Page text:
Our spiritual life involves daily effort.  Saint Hesychius says,
At every hour we must weigh our daily affairs attentively, and as much as we are able, without fail lighten their burden through repentance, if we want to overcome the passions with the help of Jesus. It is also necessary to examine whether we carry out all our outward actions through God's will, before God and for God Alone, so that the feelings (passionate) do not deceive us like foolish people.
Keep up your spiritual practices as called for in an Orthodox way of life.  But do it with complete humility and a spirit of repentance.

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Reference: The Spiritual Life, pp 255-256

Thursday, July 21, 2011

Why Does Prayer Need to Be Free From Thoughts?

Why is it important that prayer be free from thoughts?  To have true prayer our minds must be pure, still and totally open for an encounter with the infinite and all compassionate God.  When we have thoughts cluttering our mind in prayer, our prayer becomes focused on things of this world and our prayer time becomes a problem solving session with ourselves.  Our thoughts are like a pollutant that distorts our prayer and confuses our relationship with God with our own desires and needs.  It is a pure open mind that will gain grace that enables us to hear and do His will instead of our own will.

Saint Hesychius writes,
One who does not have prayer that is free from the thoughts is without a weapon for battle.  I understand prayer to be that which is carried out unceasingly within the depths of the soul, so that the enemy who is secretly fighting may be vanquished and scorched by this invocation to Christ.  For you must look with the sharply focused eye of the mind so that you will recognize what has entered into it, and after doing so, immediately cut off the head of the snake through refutation, and at the same time call on Christ with groaning. through experience you will come to know God's invisible help; then you will see clearly the true condition of the heart.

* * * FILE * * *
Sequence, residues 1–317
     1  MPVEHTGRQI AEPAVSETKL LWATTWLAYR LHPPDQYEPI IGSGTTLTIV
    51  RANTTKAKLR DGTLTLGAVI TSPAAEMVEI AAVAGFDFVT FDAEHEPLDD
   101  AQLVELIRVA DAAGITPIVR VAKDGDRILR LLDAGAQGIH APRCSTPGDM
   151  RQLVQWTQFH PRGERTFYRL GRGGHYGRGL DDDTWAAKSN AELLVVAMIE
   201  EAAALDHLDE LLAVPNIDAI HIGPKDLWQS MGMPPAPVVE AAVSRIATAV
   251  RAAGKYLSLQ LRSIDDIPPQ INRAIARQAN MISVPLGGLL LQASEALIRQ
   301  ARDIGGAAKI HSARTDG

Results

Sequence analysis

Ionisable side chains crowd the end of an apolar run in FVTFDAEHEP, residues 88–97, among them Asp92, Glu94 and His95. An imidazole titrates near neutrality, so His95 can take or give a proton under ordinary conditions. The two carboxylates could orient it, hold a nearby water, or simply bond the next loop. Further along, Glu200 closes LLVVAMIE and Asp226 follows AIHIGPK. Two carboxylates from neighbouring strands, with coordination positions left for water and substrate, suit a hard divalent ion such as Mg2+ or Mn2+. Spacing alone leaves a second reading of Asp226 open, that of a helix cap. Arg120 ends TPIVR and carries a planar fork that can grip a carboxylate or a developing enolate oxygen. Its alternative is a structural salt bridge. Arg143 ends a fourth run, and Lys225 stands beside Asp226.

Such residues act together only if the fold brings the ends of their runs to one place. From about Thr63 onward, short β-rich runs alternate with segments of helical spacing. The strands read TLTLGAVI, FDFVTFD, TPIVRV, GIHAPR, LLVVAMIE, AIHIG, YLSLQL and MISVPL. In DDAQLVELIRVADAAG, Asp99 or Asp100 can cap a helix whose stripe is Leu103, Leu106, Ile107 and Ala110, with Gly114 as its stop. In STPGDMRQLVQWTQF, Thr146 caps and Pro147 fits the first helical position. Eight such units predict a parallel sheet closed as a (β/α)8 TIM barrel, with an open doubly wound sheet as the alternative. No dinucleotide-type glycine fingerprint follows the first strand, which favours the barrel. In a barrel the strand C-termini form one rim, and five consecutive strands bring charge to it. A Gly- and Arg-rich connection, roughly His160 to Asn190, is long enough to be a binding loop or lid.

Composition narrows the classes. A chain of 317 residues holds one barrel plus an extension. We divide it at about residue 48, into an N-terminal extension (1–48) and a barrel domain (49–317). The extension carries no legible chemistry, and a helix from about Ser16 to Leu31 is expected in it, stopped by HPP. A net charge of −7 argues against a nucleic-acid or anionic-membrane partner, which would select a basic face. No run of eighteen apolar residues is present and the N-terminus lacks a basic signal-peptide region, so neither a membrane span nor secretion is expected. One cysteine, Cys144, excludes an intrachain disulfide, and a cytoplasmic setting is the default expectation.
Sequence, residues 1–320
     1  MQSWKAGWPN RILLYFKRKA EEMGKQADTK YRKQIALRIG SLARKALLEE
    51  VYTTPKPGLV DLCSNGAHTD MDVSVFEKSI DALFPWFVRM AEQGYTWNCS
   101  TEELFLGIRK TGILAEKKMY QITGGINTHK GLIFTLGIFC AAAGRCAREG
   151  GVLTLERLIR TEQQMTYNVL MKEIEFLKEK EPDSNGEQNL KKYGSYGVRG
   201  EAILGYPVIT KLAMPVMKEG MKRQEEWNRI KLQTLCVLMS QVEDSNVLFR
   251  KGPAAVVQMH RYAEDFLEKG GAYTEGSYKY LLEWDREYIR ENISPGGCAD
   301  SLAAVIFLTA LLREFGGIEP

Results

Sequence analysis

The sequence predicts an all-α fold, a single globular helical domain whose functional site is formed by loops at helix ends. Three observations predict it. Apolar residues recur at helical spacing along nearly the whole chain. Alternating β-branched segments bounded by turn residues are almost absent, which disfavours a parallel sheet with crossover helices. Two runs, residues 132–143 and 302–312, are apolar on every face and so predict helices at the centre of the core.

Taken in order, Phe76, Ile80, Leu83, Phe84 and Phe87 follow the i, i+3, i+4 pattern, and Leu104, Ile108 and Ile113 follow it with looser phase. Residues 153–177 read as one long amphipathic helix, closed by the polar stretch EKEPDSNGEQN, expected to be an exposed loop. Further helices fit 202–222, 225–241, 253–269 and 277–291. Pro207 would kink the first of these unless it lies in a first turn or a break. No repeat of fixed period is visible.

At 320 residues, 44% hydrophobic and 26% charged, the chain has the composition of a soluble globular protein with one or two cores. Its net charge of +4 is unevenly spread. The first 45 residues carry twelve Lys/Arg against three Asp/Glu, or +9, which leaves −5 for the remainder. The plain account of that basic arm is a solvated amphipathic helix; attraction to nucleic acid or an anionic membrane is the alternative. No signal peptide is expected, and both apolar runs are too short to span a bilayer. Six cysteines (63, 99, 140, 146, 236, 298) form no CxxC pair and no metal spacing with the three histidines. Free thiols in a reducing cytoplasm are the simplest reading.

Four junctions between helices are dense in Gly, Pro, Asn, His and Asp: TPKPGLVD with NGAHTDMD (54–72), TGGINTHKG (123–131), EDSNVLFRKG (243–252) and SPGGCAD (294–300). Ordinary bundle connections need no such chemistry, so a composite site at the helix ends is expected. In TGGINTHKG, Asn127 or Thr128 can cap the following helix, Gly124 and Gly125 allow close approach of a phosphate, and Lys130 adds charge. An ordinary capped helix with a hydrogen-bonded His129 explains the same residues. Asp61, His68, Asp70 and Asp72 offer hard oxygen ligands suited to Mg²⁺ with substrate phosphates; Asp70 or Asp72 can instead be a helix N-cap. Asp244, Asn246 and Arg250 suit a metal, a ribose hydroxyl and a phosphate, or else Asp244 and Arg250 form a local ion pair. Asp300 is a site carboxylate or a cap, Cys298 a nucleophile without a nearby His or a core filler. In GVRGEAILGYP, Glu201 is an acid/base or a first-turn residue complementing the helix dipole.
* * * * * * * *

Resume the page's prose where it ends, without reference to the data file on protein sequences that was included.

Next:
Our challenge is to have the sobriety to be watchful and attentive to the nature of our thoughts and to dismiss them when we enter into prayer.  As Saint Hesychius says, "you must look with the sharply focused eye of the mind" in prayer. This is the true purpose of our mind to enable us to focus on our Creator and discern His will for us.  As we repeat the Jesus Prayer, our  mind will instantly become focused on God and we will receive His grace which helps us deter all distracting thoughts.

One of the reasons we pray is to overcome the domination of our soul by the thoughts roaming thorough our minds, distracting it from a intimate relationship with God.  It is in prayer where thoughts are subdued that we find this relationship our soul seeks.

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Reference: The Spiritual Life, p 252

Tuesday, July 19, 2011

What Do Church Fathers Mean By Sobriety?

What do the Church Fathers mean when they use the the term translated as sobriety? This is an important concept in our struggle against the passions -- those desires that lead us away from the will of God and separate us from Him.

Saint Hesychius writes,
Sobriety is the continual situating of the thought at the doors of the heart, so that it sees the thoughts creeping up and understands what form the demons are attempting to inscribe and establish in the mind, so as to entice it through the imagination.
Often we refer to this as self discipline. It is a level of spiritual maturity where we are aways aware of our thoughts.  This awareness is also called watchfulness.  It is where we are always watching for those thoughts that will enter into our minds and stimulate desires that lead us away from the teachings of Jesus Christ. 

How do we develop this virtue?  If we only follow the Orthodox Way of LIfe taught by the Church we will be lead on a path where we become watchful and have sobriety.  This involves daily prayer, practice of the Jesus Prayer, participating in the weekly fast on Wednesdays and Fridays and the other fasting periods specified by the Church. It involves our regular attendance to the Divine Liturgies and participating with proper preparation in Holy Communion and Holy Confession.  It also means we will read the Scripture each day.  This is an easy discipline that trains our mind, builds self-discipline, and subjects our self-will to the will of God.